Background: The Actiwatch is increasingly being used to investigate sleep. The aim of this study was to investigate which sensitivity setting of the Actiwatch is most suitable to detect sleep disturbance in older adults with intellectual disability (ID).
Method: Two Actiwatch types were compared to polysomnography (PSG) in 10 older adults with mild ID, using a 1-min epoch-to-epoch comparison. Outcome measures were sleep detection percentage, wake detection percentage, and overall accuracy of both Actiwatches, and several sleep parameters.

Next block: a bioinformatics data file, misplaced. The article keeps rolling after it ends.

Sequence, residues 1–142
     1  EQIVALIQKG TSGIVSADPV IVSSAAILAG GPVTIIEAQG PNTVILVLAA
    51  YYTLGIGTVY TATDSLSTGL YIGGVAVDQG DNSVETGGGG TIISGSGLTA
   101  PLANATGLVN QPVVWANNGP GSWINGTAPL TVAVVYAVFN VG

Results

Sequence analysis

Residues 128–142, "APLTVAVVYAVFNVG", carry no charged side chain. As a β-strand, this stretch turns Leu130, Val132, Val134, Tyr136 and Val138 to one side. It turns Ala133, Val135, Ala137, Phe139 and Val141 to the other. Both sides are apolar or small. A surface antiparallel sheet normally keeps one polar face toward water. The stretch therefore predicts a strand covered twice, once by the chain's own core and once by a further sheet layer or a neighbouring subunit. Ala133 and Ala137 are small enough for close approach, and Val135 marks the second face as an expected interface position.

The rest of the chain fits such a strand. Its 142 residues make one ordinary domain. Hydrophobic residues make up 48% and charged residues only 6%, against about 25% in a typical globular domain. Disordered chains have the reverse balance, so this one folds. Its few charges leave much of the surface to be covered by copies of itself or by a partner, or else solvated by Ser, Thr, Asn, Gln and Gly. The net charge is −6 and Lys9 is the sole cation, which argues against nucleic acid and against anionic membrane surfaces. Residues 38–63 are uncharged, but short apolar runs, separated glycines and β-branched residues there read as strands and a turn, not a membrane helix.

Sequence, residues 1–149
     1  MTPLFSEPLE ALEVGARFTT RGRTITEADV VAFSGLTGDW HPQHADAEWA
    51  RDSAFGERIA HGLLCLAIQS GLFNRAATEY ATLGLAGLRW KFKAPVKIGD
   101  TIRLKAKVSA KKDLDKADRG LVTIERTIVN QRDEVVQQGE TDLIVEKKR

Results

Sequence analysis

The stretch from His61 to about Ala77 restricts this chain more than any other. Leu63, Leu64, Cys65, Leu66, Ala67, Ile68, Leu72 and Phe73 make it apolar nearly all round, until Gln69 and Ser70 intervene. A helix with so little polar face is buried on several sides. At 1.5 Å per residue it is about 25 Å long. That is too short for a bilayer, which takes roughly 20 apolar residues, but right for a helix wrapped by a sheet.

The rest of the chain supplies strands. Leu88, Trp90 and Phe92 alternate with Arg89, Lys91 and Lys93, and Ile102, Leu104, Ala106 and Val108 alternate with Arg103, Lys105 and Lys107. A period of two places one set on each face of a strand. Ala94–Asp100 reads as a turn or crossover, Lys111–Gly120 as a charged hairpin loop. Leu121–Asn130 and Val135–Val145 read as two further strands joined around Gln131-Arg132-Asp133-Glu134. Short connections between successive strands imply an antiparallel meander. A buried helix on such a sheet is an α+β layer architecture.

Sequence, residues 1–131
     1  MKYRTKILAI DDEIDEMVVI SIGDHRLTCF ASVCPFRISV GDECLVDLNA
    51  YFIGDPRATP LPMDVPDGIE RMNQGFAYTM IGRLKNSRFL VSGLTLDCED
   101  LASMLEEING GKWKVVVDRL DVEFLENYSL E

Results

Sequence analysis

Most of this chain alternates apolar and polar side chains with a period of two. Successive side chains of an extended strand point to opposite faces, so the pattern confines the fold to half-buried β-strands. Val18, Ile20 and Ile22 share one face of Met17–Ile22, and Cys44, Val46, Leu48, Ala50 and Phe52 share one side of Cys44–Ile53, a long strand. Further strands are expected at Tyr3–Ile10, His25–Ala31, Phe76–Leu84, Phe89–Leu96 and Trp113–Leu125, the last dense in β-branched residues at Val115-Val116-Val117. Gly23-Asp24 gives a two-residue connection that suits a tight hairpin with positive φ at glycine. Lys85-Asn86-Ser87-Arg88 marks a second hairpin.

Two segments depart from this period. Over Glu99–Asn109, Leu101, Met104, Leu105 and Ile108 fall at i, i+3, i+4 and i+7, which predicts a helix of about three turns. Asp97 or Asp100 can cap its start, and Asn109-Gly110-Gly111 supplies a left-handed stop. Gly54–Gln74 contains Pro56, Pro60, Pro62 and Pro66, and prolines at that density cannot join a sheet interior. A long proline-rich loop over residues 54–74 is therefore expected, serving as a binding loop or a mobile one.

Results: The high sensitivity setting of the Actiwatch appeared most suitable to detect sleep disturbance in older adults with ID (wake detection percentage = 54.6%, sleep detection percentage = 89.7%). Sleep parameters calculated using the high sensitivity setting corresponded well to PSG outcomes. Outcomes were similar for both Actiwatches.
Conclusions: We recommend using the high sensitivity setting of the Actiwatch for clinical evaluation of sleep, and for epidemiological research in older adults with ID.